Learn About UDL

UDL Myths

Universal Design for Learning (UDL) and differentiation are the same.

“The difference between UDL and Differentiated Instruction is that UDL proactively evaluates the classroom instruction and environment and provides access to the content on the front end; differentiated instruction reactively evaluates individual students and retrofits and modifies on the back end.” UDL is a framework that is used to design a lesson and learning environment with the intent to remove barriers. Using the options suggested within the framework, teachers can establish structures and supports to meet students’ variable learning needs. When using the UDL framework, the goal is to design, from the beginning, a lesson or learning environment that can be accessed by all students.

I am using a UDL product or program, therefore I’m doing UDL.

UDL is not a product or something you do. Rather, UDL is a framework supported by research with a specific set of principles and guidelines.

Good teaching is Universal Design for Learning.

There might be good teaching happening already, but it does not mean UDL is being used. One must use the UDL framework and it's principles and checkpoints to be able to inform intentional instructional practices. Specifically, the instructor must reference the UDL framework and apply the UDL principles in order to make decisions, assess, and inform.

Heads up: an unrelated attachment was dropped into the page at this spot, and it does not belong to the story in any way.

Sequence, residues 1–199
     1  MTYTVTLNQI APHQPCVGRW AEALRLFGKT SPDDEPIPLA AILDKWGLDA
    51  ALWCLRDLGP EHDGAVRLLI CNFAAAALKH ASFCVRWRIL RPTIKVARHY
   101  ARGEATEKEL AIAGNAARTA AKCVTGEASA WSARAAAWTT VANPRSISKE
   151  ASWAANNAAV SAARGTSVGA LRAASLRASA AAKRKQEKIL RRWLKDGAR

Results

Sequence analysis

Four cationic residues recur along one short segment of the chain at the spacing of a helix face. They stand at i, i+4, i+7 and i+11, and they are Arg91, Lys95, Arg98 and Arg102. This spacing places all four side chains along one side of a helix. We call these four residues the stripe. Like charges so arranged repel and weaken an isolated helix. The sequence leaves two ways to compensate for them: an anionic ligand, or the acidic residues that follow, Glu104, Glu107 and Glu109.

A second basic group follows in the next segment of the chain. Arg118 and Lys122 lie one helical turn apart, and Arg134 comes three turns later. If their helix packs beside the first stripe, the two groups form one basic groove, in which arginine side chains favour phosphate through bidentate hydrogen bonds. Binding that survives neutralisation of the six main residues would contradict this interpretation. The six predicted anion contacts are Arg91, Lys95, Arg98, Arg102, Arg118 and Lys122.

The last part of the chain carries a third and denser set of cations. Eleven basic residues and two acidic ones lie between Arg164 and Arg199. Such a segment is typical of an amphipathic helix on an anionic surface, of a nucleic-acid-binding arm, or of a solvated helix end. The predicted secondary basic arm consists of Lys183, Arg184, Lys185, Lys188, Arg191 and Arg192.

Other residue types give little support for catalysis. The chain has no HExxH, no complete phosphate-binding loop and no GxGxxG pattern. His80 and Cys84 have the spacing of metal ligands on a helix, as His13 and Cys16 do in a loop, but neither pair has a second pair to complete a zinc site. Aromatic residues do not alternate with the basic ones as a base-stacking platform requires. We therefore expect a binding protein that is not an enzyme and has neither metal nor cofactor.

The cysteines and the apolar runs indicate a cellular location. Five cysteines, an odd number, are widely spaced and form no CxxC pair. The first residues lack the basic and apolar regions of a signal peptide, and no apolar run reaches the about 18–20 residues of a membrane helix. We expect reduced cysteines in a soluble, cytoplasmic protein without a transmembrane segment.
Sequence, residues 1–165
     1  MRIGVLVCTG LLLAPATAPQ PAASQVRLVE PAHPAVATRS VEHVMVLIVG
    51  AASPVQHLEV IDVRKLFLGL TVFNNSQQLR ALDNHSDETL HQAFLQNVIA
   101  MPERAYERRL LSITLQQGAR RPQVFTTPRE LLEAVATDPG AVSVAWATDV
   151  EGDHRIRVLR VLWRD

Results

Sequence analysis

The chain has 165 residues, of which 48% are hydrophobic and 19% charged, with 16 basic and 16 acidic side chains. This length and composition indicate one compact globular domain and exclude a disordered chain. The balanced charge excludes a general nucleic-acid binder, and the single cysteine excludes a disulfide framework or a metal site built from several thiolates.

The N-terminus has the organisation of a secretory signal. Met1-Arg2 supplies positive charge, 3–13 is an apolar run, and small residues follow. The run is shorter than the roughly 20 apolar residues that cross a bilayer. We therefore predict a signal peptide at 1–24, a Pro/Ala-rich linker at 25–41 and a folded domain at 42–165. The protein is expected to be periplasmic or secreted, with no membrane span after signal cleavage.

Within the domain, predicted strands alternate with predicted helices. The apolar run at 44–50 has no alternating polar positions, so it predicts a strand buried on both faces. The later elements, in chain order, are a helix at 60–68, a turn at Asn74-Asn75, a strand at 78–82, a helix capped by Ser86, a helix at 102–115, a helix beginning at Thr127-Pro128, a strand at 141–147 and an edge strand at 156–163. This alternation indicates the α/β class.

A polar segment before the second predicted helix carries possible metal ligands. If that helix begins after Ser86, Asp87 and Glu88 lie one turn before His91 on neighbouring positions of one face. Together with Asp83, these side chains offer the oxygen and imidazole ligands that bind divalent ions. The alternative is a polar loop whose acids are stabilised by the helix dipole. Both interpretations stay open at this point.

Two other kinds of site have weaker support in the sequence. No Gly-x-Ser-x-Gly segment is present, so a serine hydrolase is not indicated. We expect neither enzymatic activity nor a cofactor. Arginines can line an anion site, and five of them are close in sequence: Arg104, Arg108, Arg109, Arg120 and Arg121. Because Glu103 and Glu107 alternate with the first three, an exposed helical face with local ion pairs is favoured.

Teachers must have technology to implement UDL.

Implementation of UDL can occur without technology. Yes, technology can support learning and be a support, but technology is only one tool. As UDL classrooms focus on flexible learning methods to support learning, teachers can still support student learning with no-tech or low-tech options.

UDL is only for learners with disabilities.

UDL aims to remove barriers to learning and support inclusive teaching practices for ALL learners. Teachers need to consider using UDL in their pedagogy, even if they do not have learners with disabilities in their courses. It is important to remember that those students who vary in age, gender, cultural background, first language, and abilities will also benefit from UDL.

Source: Nelson, L.L. & Basham, J.D. (2014). A blueprint for UDL: Considering the design of implementation. Lawrence, KS: UDL-IRN. Retrieved from http://udl-irn.org.